We will be justified in turning our love away from heaven when heaven shows it has turned its love away from us. But nothing will separate us from God’s love (Romans 8:35-39) – so we never have an excuse for turning our hearts away from him. And if our heart is with him, our homeland will be in heaven.

We live in this world as strangers and pilgrims. We are here. We have work to do here. But we know one day we will go home. So, we do not “put down roots” in this world. Our “roots” are in heaven.

Christian Non-Conformity

As people whose hearts and homes are in heaven, we live in this world without adopting its way of life. The apostle charged us, do not conform any longer to the pattern of this world, but be transformed by the renewing of your mind (Romans 12:2). This transformation comes through the influence of our Master. The effect of this non-conformity is seen in 1 Peter 4:1-4. There, the one who has suffered with Christ (that is, who is crucified with Christ) is one who no longer lives as the pagans do: living in debauchery, lust, drunkenness, orgies, carousing and idolatry. If these words did not come from a book nearly 2,000 years old, you would think they were written about the very world we live in today. The disciple of Jesus consciously rejects the life-style of the world because, in the words of the song, “I can’t feel at home in this world anymore.”

This rejection is to be complete – and will be obvious. Peter went on to observe that the pagans think it strange that you do not plunge with them into the same flood of dissipation – and they heap abuse on you. From the time of Cain and Able, evil men have abused those who choose to serve and love God.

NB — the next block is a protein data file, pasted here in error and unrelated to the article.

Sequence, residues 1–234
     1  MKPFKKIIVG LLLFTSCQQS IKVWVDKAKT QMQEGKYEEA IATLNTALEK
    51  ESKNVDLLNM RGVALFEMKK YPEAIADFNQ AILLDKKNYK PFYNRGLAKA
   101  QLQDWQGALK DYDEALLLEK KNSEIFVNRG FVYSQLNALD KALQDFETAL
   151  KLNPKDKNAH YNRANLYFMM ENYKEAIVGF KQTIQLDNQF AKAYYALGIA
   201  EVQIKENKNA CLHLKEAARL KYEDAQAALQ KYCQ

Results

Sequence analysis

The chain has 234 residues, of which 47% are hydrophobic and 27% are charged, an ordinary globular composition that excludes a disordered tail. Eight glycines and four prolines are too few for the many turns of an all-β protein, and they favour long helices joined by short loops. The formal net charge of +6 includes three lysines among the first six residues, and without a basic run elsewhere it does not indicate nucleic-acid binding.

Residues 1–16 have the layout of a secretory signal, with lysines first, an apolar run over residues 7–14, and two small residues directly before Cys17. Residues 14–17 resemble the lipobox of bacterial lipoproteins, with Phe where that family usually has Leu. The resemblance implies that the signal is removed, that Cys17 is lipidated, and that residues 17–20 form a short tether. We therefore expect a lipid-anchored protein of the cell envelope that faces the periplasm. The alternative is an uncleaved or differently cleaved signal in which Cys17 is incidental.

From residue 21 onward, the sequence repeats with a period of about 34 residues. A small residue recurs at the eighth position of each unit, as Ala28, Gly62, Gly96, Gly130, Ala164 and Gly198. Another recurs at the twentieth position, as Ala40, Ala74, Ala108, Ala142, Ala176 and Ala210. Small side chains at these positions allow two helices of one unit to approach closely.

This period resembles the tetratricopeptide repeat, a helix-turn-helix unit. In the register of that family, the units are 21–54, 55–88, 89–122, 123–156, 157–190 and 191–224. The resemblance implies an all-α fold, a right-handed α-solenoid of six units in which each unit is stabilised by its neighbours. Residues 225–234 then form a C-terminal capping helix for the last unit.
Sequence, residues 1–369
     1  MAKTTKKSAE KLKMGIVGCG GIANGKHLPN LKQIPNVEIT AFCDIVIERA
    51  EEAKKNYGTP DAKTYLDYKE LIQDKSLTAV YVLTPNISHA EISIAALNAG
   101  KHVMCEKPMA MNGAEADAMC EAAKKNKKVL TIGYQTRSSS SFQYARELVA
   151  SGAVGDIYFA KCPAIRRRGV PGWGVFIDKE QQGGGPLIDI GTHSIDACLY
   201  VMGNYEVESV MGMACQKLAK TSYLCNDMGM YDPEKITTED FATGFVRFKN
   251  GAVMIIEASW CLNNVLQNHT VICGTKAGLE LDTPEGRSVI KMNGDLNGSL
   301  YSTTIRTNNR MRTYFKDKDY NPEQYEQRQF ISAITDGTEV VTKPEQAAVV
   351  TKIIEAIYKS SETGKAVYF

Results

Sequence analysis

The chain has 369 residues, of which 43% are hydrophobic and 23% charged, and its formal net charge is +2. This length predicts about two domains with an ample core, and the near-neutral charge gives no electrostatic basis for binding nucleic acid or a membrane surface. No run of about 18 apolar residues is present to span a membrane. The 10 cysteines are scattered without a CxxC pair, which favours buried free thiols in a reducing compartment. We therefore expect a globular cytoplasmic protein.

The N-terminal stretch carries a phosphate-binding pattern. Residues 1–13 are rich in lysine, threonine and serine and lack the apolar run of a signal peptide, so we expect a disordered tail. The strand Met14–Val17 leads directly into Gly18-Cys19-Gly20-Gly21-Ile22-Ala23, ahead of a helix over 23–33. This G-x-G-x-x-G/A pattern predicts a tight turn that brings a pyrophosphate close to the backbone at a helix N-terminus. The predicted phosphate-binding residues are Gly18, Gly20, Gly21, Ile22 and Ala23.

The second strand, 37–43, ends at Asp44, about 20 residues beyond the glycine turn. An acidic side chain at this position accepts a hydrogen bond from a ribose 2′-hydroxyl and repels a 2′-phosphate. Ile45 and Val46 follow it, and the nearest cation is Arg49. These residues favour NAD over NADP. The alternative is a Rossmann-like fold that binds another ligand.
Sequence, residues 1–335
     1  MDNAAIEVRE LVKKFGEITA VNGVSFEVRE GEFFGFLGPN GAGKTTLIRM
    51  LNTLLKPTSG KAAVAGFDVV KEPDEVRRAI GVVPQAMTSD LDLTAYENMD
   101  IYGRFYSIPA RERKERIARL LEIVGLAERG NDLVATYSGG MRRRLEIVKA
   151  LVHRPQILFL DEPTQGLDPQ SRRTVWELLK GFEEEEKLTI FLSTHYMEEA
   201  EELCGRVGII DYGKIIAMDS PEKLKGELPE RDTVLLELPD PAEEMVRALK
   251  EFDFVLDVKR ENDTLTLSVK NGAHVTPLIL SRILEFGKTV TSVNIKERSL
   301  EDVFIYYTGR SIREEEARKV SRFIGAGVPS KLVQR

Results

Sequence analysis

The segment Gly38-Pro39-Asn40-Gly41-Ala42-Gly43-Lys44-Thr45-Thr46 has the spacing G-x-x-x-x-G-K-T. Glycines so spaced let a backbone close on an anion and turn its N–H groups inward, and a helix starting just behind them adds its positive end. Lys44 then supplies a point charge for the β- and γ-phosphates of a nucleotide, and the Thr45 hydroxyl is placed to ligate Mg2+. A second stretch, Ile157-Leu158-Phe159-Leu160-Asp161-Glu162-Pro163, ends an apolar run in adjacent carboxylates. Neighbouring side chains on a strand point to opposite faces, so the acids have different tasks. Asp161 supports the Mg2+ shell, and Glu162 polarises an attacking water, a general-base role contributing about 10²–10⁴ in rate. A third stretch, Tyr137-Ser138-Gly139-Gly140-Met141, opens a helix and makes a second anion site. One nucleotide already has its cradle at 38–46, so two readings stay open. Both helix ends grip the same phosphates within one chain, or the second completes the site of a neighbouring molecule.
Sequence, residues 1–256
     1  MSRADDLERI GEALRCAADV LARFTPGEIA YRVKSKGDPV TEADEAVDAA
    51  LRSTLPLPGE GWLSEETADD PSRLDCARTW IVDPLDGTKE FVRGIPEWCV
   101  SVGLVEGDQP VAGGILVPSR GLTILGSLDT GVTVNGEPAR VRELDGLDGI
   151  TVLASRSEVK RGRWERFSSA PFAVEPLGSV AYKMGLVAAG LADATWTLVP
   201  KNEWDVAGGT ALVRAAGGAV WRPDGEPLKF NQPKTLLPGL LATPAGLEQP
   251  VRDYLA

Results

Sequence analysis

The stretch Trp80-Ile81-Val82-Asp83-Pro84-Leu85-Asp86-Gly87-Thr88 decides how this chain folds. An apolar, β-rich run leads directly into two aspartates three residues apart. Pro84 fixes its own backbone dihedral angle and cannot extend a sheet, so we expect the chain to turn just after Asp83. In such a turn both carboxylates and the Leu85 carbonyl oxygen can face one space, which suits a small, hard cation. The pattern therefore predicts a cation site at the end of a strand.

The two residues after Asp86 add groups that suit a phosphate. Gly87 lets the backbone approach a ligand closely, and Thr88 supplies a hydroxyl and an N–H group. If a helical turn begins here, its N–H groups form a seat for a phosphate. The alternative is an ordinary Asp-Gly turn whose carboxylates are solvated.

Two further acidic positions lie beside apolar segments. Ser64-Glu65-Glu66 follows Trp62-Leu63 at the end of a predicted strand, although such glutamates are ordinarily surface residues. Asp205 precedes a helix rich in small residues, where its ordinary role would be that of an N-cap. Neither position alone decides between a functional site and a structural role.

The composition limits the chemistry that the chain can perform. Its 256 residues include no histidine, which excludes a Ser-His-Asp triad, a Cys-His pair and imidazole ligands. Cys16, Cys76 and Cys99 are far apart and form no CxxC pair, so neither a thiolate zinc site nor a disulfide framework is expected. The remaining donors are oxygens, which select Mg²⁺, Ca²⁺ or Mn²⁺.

It is no different today. Why do we think the American democratic society has somehow neutralized the powers of darkness and robbed them of the power to persecute those who choose not to conform to the patterns of this world, but to conform instead to the image of God’s Son?

The Church: A New Society in This World

Disciples of Jesus, each of them a new creature (2 Corinthians 5:17), form a new society in this world, a city of light that is set on a hill (Matthew 5:15). After talking about not being conformed to the world of darkness, Paul continued in Romans 12 to talk about the new society God is forming in this world with his church.

This is a society where love is sincere, where people are devoted to one another in brotherly love. In this society, people honor each other over themselves and share with those who are in need. They bless instead of curse. They are not arrogant, but associate even with those of low position. It is a society that is harmonious, not vengeful.

In reading this description of the heavenly society, I am reminded of the story of the boy whose father told him what a Christian is: one who loves everyone, is patient, kind, forgiving, and pure. The boy then asked his father, “Have I ever seen one?” Can we honestly say we have seen a society like this? Yet, this is what Jesus, by the Holy Spirit within us, is training his disciples to be. Are we willing to be trained?


Next
– (13) Discipline As Disciples


Previous
– (11) Examples of Disciples Praying